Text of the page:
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Working watermill and workshops

This working mill next to the Morden Stream is an atmospheric reminder of the recent past when corn was ground here for the local community. It’s believed that mills have worked in the Tamar valley since medieval times and this watermill dates back to the 19th century. The buildings surrounding the mill were used as stables, cowsheds, a hayloft and a ‘cherry house’ for storing cherries. The last of these buildings was added in the 1890s and they are now set up as a selection of estate and craft workshops.

The mill produces wholemeal flour, which is used at the Barn Restaurant and The Edgcumbe, and is on sale at the mill reception and in Cotehele’s shop. A range of outbuildings includes re-creations of wheelwright's, saddler's and blacksmith's workshops along with a traditional furniture maker and a working potter.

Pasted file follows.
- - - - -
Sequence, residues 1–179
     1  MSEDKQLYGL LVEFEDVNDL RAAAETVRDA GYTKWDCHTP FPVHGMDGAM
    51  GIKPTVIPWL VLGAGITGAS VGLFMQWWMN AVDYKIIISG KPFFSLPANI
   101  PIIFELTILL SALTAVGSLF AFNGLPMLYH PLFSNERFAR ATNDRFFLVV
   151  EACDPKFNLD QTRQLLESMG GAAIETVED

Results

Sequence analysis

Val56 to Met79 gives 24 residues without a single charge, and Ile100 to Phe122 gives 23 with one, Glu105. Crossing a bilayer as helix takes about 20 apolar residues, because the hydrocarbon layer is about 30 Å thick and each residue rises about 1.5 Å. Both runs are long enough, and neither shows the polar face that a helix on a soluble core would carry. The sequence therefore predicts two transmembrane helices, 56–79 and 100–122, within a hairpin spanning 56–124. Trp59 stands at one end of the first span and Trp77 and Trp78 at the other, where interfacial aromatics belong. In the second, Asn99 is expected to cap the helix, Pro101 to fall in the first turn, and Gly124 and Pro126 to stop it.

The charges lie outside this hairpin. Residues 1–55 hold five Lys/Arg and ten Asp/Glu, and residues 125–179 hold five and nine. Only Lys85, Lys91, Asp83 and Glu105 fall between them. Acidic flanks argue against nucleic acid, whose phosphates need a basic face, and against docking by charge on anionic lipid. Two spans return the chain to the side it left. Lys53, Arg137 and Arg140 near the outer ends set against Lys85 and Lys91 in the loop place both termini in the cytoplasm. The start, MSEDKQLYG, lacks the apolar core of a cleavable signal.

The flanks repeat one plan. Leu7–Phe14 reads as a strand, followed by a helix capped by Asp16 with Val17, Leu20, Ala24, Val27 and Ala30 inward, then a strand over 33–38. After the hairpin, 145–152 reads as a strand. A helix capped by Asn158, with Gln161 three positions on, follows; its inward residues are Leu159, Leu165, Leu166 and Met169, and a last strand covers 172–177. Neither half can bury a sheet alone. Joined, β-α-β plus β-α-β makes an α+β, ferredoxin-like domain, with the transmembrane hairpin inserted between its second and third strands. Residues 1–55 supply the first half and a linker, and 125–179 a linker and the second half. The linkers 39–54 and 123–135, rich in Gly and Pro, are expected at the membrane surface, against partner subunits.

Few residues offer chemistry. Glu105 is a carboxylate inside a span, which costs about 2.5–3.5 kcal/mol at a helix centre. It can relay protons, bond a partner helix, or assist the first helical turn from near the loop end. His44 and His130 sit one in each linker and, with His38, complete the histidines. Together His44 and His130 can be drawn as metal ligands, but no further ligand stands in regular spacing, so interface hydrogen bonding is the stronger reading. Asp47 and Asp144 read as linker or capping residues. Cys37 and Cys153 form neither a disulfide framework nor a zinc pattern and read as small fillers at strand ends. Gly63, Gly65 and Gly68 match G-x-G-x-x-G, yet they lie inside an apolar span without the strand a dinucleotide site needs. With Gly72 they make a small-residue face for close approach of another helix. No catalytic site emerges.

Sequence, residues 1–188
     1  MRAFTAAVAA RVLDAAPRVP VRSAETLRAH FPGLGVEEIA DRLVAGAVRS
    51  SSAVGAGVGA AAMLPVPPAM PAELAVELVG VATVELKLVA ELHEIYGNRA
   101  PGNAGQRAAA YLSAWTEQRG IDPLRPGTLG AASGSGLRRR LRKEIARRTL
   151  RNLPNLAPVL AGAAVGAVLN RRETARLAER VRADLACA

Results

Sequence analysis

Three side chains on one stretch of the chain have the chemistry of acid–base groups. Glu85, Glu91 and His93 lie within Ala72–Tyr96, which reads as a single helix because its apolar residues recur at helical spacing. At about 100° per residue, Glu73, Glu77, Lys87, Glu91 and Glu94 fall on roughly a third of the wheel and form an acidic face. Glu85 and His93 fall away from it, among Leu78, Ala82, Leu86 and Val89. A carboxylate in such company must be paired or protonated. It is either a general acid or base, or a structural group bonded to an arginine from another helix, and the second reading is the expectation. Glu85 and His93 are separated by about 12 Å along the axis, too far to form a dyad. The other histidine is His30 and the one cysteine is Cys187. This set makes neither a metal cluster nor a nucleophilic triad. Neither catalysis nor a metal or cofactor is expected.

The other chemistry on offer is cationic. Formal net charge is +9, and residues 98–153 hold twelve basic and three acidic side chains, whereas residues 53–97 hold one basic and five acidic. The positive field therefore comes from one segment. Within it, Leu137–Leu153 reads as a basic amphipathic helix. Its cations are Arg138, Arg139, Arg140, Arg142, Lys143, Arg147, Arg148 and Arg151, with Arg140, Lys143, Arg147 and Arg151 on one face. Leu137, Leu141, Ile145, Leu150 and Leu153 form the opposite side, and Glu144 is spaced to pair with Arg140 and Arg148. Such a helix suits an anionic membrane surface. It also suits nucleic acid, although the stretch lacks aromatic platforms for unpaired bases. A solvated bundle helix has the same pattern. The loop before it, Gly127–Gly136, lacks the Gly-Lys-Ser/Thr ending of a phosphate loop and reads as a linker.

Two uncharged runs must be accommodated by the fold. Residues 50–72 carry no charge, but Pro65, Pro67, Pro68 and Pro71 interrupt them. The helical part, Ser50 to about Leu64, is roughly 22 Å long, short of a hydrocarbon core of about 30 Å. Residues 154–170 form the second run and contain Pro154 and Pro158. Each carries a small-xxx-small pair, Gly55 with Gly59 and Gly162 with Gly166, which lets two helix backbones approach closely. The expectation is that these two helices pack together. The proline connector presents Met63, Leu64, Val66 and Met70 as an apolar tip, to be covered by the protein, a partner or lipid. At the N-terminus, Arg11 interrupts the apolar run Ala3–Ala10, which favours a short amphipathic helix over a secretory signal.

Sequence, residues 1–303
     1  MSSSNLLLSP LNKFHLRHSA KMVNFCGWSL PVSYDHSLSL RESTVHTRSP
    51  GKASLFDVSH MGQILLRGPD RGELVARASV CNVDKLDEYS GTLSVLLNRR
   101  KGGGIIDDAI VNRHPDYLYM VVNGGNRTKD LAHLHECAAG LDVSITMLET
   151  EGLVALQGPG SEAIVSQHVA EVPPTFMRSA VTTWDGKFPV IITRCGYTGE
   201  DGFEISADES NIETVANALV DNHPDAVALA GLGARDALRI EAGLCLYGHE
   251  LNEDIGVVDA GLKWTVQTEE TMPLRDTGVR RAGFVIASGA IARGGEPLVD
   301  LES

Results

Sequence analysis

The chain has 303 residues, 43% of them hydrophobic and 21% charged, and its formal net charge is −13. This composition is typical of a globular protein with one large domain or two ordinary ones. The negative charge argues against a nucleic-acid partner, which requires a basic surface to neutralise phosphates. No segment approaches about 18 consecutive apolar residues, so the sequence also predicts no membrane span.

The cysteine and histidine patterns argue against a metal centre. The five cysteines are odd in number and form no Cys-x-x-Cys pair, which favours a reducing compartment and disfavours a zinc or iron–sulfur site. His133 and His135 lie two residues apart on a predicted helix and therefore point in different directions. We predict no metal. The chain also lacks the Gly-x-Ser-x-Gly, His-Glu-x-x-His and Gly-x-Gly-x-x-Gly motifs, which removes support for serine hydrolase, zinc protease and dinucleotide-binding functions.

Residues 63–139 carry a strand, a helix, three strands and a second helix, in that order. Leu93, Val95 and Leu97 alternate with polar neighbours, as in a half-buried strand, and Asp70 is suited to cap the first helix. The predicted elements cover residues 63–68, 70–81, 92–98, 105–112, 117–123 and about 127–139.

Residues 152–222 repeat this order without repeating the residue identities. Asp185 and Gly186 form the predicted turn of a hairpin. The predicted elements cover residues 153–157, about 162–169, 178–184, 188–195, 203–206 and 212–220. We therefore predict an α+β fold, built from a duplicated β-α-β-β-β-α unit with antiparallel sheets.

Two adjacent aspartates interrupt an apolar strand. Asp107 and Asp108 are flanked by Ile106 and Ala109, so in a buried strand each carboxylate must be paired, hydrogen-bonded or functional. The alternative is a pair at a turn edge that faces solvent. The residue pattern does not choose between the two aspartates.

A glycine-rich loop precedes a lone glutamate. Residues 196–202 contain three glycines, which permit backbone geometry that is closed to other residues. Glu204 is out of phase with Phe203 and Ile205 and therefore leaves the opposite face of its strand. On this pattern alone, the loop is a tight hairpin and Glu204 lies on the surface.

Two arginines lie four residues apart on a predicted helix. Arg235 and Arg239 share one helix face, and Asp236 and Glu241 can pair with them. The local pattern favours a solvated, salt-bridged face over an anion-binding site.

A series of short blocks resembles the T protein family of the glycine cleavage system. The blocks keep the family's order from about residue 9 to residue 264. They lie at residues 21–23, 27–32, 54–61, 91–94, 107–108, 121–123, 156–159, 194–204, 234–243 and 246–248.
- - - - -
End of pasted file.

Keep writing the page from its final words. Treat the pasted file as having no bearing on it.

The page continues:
A hydro-electric scheme, which you can see beyond the waterwheel, generates clean, renewable electricity that goes to the national grid.

Snow at Cotehele Mill looks like icing on a Victorian cake © Anthea Whalley

Snow at Cotehele Mill looks like icing on a Victorian cake

Come back next year

Cotehele Mill is now closed for the season; please come back and explore when we reopen on 14 March.

In the meantime, why not bring your dog for a walk along the stream, examine the exterior of the mill buildings, pop into the Edgcumbe on Cotehele Quay for a cupper next to the fire then explore more of Cotehele on the hill?